In perhaps a final and fitting markdown sale, the Garfinckel's name has been bought for just $22,500, it was announced yesterday.
Jewelmasters Inc., a Florida-based business that makes jewelry and sells it through leased operations in department stores nationwide, bought the moniker of the bankrupt 85-year-old Washington retailer.
Jewelmasters officials plan to open upscale jewelry and gift stores in the Washington area using the name, and they are contemplating a catalogue business using Garfinckel's million-person mailing list.
The company had run the leased jewelry department at Garfinckel's since the 1970s, grossing $4 million to $6 million yearly, said Josef J. Barr, Jewelmasters's chairman and chief executive.
"We did very well there and had been hit hard when it went bankrupt," Barr said. "Now we are staking out on our own to keep the success we had there."
Jewelmasters lost $1.2 million on $24.7 million in sales in the first six months of this year, compared with a $994,655 loss on $24.97 million revenue for the same period a year ago.
The first jewelry store -- called Josef J. Barr/Garfinckel's Fine Jewelry -- will open in late November at Virginia's Fashion Centre at Pentagon City. If it is successful, plans call for more stores, including ones called Garfinckel's Gifts, of about 5,000 square feet.
The sale of the name ended the long-standing rumor that former Garfinckel's president George P. Kelly would open a string of boutiques in the Washington area under the Garfinckel's name.
While many analysts thought the value of the Garfinckel's name in the wake of its wrenching summer bankruptcy would be negligible, the tiny sum received for it still surprised them. The name of the also-defunct Bonwit Teller of New York, for example, was sold for $6.2 million in April, along with leases and inventory for two stores in Boston and Buffalo.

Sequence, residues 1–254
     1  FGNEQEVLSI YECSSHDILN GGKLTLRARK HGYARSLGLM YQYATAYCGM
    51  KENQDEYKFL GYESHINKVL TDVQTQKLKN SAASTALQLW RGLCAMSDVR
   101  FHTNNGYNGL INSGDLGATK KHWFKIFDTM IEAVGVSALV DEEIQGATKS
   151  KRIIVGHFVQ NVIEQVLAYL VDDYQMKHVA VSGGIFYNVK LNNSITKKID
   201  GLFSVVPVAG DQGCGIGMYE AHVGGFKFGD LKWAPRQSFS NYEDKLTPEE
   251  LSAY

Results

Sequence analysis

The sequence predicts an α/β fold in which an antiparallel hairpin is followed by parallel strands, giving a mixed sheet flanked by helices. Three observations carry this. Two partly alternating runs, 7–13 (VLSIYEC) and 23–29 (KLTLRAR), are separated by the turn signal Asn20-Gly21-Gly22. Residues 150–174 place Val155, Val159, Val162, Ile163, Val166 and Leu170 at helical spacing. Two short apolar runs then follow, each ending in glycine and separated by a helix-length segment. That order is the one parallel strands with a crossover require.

"The price really is low for a store that has been in the area for so long and has established such a longtime reputation," said Karen Spitz of the New York-based Licensing Corp. of America.
"We were not really deluged withoffers," said Stephen E. Leach, Garfinckel's attorney in the bankruptcy process, explaining the low price.
"If $22,500 was the accepted offer, you can be sure it was the highest offer."
Some think that was even too much. "It's doubtful that name could be used to great advantage anymore," said Kurt Barnard, publisher of Barnard's Retail Marketing Report in New York. "The reason the store went bankrupt is because the name has faded from public consciousness already."
Barr said he is not worried about the potentially negative image Garfinckel's might carry. "Abercrombie & Fitch came back after its name was sold and is now doing well," said Barr, referring to the fancy retailer that went out of business and came back in a different incarnation.
"People will welcome Garfinckel's back and, when Christmas comes around, will be thrilled to get a present wrapped in a Garfinckel's box," Barr said.